Parent Compound Prodegradant 1 Ferrocene Alkyl Derivatives The compositions were prepared by mixing each prodegradant with the basic blend to give mixtures which contained 0.1% by weight of prodegradant as stated in Table 1. These mixtures were gelled on a mill at C for 10 minutes. The crepe was compression moulded using 5 minutes pre-heat at C and 3 minutes under 20 tons per square inch pressure to give film 0.007 to 0.010 inch thick when rapidly cooled to 25C.

Samples 1 cm X 3 cm were cut from the pressed sheet and subjected to UV. irradiation using modified FS/BL irradiation (i.e. a combination of a fluorescent sun lamp, a Philips actinic blue and two natural daylight fluorescent lamps). The samples were maintained at a distance of 10 cms from the lamps.

The samples were inspected and tested for flex-crack failure at intervals of 8 to 12 hours until cracking occurred when subjected to bending stress. This cracking was taken as evidence of embrittlement. The times (in hours) required are given in Table 1.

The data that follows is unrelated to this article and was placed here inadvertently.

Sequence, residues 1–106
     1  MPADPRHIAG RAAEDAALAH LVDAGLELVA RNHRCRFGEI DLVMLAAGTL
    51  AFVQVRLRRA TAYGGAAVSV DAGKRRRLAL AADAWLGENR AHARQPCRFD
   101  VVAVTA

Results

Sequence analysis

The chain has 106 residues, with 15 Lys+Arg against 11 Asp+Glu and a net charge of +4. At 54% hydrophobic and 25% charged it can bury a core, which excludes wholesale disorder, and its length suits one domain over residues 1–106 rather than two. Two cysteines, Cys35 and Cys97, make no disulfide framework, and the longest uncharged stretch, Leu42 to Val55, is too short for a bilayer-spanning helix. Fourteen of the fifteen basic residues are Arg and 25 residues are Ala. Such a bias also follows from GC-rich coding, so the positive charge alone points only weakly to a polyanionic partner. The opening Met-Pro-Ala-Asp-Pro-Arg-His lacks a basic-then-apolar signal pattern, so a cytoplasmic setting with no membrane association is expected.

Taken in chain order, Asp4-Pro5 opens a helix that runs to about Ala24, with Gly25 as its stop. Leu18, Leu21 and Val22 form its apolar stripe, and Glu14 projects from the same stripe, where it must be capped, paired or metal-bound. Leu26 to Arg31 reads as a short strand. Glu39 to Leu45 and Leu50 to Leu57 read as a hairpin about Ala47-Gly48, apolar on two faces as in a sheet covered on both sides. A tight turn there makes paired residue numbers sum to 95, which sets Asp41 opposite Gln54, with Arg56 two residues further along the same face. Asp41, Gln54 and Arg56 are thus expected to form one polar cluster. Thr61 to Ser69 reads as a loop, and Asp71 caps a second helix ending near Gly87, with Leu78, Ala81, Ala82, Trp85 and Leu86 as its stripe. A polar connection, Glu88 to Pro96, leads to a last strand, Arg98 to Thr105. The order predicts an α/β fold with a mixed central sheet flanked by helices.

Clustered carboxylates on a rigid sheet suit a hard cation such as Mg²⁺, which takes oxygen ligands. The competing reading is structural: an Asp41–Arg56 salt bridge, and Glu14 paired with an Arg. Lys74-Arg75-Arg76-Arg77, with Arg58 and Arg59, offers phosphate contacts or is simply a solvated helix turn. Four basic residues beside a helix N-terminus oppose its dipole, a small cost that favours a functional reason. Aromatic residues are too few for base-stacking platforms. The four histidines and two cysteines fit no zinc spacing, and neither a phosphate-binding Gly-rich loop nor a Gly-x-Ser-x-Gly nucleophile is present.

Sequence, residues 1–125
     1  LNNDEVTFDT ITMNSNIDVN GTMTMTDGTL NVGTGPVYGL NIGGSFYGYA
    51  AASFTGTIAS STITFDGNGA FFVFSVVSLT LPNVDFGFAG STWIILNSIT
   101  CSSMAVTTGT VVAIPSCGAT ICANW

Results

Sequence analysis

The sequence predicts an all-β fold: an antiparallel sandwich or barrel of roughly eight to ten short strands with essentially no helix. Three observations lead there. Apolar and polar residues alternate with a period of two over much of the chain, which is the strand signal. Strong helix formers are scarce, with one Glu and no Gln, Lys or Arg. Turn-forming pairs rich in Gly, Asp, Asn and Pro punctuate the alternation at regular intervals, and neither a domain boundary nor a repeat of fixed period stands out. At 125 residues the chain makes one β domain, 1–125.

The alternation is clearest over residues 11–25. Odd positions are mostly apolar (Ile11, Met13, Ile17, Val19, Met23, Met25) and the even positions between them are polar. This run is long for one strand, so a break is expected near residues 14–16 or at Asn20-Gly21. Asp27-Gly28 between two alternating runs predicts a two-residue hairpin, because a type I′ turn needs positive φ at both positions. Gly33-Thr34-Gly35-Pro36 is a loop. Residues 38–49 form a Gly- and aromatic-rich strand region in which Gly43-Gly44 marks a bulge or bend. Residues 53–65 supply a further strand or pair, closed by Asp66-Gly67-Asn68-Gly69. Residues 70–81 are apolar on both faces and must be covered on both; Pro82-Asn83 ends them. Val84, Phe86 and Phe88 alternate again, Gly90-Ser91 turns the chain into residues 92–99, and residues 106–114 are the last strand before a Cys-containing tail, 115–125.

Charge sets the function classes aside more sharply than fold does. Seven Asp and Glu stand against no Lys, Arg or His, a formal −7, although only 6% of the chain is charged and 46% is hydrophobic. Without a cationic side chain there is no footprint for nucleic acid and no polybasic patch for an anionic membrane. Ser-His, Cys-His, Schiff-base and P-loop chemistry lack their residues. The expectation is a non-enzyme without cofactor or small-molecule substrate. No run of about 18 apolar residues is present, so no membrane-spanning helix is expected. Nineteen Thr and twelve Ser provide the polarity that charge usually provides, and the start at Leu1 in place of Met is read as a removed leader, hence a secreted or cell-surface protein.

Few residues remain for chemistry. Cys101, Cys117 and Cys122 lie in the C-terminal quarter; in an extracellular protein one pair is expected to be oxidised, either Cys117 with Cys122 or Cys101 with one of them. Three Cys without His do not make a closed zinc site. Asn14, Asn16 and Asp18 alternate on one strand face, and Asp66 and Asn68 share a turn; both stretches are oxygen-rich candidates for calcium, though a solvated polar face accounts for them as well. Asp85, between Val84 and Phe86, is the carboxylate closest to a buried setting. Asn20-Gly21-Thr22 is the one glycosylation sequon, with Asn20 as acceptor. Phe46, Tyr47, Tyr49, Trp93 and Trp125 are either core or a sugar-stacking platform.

In addition some of the compositions were exposed out of doors in South Africa and times (in weeks) required for the composition to become embrittled are also recorded in Table 1. The procedure was as follows.

Specimens of foil were mounted between Perspex (RTM) sheets with a circle 2 cm in diameter uncovered and these were exposed at 45 to the horizontal facing north in South Africa commencing in February 1972. The specimens were tested for embrittlement at weekly intervals by dropping a 3.8 g mass in the form of a 7.5 mm diameter rod onto the unexposed face of the horizontal specimen. The mass was dropped from a height of 310 mm down a vertical guide tube. Repeats with the same formulations gave identical embrittlement times.

The basic blend without any additive was also exposed and the times required for this composition are recorded in Table l as blanks.


rocene nucleus via a CO-group.

2. Polyvinyl chloride compositions which contain 0.05 to 0.5% by weight based on the total composition of the prodegradant.